Lee JW, Tay TR, Paddle P, et al. Diagnosis of concomitant inducible laryngeal obstruction and asthma. Clin Exp Allergy. 2018;48(12):1622-1630.
Lee, J. W., Tay, T. R., Paddle, P., Richards, A. L., Pointon, L., Voortman, M., Abramson, M. J., Hoy, R., & Hew, M. (2018). Diagnosis of concomitant inducible laryngeal obstruction and asthma. Clinical and Experimental Allergy : Journal of the British Society for Allergy and Clinical Immunology, 48(12), 1622-1630. https://doi.org/10.1111/cea.13185
Lee JW, et al. Diagnosis of Concomitant Inducible Laryngeal Obstruction and Asthma. Clin Exp Allergy. 2018;48(12):1622-1630. PubMed PMID: 29870077.
* Article titles in AMA citation format should be in sentence-case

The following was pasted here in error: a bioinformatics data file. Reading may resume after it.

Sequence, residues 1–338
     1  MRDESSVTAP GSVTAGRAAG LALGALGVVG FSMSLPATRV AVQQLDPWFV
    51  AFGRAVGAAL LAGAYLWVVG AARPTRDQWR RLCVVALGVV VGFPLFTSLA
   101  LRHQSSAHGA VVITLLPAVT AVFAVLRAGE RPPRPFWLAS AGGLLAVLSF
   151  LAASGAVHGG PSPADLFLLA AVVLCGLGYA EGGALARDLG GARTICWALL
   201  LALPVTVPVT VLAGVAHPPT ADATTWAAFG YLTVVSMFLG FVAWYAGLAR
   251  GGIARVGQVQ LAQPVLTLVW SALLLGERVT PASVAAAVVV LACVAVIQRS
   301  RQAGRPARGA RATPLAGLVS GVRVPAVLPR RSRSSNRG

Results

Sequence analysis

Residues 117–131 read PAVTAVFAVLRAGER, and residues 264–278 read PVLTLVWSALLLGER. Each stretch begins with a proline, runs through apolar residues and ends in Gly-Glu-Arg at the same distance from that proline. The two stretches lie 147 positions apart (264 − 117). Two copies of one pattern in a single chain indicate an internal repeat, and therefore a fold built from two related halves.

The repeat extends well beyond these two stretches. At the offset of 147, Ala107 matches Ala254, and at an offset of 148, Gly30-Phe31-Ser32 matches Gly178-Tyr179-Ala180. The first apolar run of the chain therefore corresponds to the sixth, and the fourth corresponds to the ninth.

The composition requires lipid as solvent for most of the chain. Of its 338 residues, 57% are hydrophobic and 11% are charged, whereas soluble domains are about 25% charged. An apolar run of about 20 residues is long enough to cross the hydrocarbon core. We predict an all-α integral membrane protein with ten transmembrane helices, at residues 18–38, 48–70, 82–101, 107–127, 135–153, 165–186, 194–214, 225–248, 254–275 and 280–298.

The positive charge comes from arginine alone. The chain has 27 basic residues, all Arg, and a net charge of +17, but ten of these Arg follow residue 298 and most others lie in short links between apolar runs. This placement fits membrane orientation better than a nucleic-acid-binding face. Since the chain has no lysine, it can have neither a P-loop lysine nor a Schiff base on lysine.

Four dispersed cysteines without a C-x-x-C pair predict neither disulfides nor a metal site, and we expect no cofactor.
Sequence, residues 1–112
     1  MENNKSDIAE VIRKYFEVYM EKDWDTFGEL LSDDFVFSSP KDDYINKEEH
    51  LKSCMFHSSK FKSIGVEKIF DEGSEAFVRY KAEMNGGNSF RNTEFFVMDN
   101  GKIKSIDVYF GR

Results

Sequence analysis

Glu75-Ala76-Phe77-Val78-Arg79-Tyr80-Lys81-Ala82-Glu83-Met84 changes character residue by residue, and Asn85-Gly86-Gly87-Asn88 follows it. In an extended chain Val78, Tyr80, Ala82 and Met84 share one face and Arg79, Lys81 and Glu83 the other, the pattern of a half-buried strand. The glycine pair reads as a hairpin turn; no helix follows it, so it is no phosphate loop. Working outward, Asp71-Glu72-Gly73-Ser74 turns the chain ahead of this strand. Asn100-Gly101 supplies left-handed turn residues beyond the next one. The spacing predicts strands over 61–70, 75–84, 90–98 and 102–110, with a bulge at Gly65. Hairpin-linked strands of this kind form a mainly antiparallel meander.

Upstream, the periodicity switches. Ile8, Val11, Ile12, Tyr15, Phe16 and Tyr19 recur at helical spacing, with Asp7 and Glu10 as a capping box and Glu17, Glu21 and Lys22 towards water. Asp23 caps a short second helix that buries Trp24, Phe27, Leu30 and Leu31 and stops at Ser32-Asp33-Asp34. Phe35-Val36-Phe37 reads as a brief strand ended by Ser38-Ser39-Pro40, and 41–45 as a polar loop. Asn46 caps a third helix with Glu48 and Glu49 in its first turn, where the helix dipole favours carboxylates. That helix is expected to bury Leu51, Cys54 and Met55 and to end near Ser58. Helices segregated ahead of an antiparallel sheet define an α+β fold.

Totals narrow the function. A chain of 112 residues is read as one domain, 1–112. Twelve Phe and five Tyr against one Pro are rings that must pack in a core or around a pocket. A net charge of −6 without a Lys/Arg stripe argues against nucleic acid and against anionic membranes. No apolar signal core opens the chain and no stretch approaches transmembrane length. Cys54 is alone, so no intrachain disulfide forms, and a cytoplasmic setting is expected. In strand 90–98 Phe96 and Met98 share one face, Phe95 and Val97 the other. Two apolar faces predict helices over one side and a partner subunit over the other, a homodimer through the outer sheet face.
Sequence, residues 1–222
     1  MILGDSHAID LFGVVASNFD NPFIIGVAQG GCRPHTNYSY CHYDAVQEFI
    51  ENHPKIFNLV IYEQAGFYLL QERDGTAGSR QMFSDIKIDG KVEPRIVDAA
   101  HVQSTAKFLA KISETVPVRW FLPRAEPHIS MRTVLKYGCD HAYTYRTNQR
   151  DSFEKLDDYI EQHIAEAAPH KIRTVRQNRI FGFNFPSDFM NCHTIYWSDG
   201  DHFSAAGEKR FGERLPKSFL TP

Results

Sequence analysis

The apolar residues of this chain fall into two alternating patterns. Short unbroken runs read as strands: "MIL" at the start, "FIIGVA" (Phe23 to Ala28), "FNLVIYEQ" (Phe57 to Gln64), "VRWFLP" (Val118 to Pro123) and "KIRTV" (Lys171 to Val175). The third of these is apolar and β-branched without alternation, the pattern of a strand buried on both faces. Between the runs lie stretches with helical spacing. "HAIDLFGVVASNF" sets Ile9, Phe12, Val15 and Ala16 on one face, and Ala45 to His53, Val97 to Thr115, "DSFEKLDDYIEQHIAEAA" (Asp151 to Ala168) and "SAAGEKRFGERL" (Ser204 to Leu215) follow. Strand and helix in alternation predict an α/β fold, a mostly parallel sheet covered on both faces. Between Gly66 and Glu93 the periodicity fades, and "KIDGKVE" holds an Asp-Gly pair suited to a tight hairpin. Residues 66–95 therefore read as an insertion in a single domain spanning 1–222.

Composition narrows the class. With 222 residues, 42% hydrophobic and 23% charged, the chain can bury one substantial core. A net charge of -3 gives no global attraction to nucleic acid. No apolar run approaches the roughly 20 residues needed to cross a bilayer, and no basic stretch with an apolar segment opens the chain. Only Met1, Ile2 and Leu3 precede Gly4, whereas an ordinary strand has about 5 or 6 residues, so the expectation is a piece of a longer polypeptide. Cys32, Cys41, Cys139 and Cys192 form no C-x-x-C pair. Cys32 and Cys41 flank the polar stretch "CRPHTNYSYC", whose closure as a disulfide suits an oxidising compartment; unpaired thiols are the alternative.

TY - JOUR T1 - Diagnosis of concomitant inducible laryngeal obstruction and asthma. AU - Lee,Joy W, AU - Tay,Tunn Ren, AU - Paddle,Paul, AU - Richards,Amanda L, AU - Pointon,Lisa, AU - Voortman,Miriam, AU - Abramson,Michael J, AU - Hoy,Ryan, AU - Hew,Mark, Y1 - 2018/06/27/ PY - 2018/01/15/received PY - 2018/05/09/revised PY - 2018/05/31/accepted PY - 2018/6/6/pubmed PY - 2019/11/15/medline PY - 2018/6/6/entrez KW - asthma KW - inducible laryngeal obstruction KW - larynx KW - mannitol KW - paradoxical vocal fold motion SP - 1622 EP - 1630 JF - Clinical and experimental allergy : journal of the British Society for Allergy and Clinical Immunology JO - Clin. Exp. Allergy VL - 48 IS - 12 N2 - BACKGROUND: Inducible laryngeal obstruction, an induced, inappropriate narrowing of the larynx, leading to symptomatic upper airway obstruction, can coexist with asthma. Accurate classification has been challenging because of overlapping symptoms and the absence of sensitive diagnostic criteria for either condition. OBJECTIVE: To evaluate patients with concomitant clinical suspicion for inducible laryngeal obstruction and asthma. We used a multidisciplinary protocol incorporating objective diagnostic criteria to determine whether asthma, inducible laryngeal obstruction, both, or neither diagnosis was present. METHODS: Consecutive patients were prospectively assessed by a laryngologist, speech pathologist and respiratory physician. Inducible laryngeal obstruction was diagnosed by visualizing paradoxical vocal fold motion either at baseline or following mannitol provocation. Asthma was diagnosed by physician assessment with objective variable airflow obstruction. Validated questionnaires for laryngeal dysfunction and relevant comorbidities were administered. RESULTS: Of 69 patients, 15 had asthma alone, 11 had inducible laryngeal obstruction alone and 14 had neither objectively demonstrated. Twenty-nine patients had both diagnoses. In 19 patients, inducible laryngeal obstruction was only seen following provocation. Among patients with inducible laryngeal obstruction, chest tightness was more frequent with concurrent asthma. Among patients with asthma, stridor was more frequent with concurrent inducible laryngeal obstruction. Cough was more frequently found in asthma alone, whereas difficulty with inspiration and symptoms triggered by psychological stress were more frequently found in inducible laryngeal obstruction alone. Patients with asthma alone had greater airflow obstruction. Relevant comorbidities were frequent (rhinitis in 85%, gastro-oesophageal reflux in 65%), and questionnaire scores for laryngeal dysfunction were abnormal. However, neither comorbidities nor questionnaires differentiated patients with or without inducible laryngeal obstruction. CONCLUSIONS AND CLINICAL RELEVANCE: In this cohort with suspected inducible laryngeal obstruction and asthma, 42% had objective evidence of both conditions. Clinical assessment, questionnaire scores and comorbidity burden were not sufficiently discriminatory for diagnosis, highlighting the necessity of objective diagnostic testing. SN - 1365-2222 UR - https://www.unboundmedicine.com/medline/citation/29870077/Diagnosis_of_concomitant_inducible_laryngeal_obstruction_and_asthma_ L2 - https://doi.org/10.1111/cea.13185 DB - PRIME DP - Unbound Medicine ER -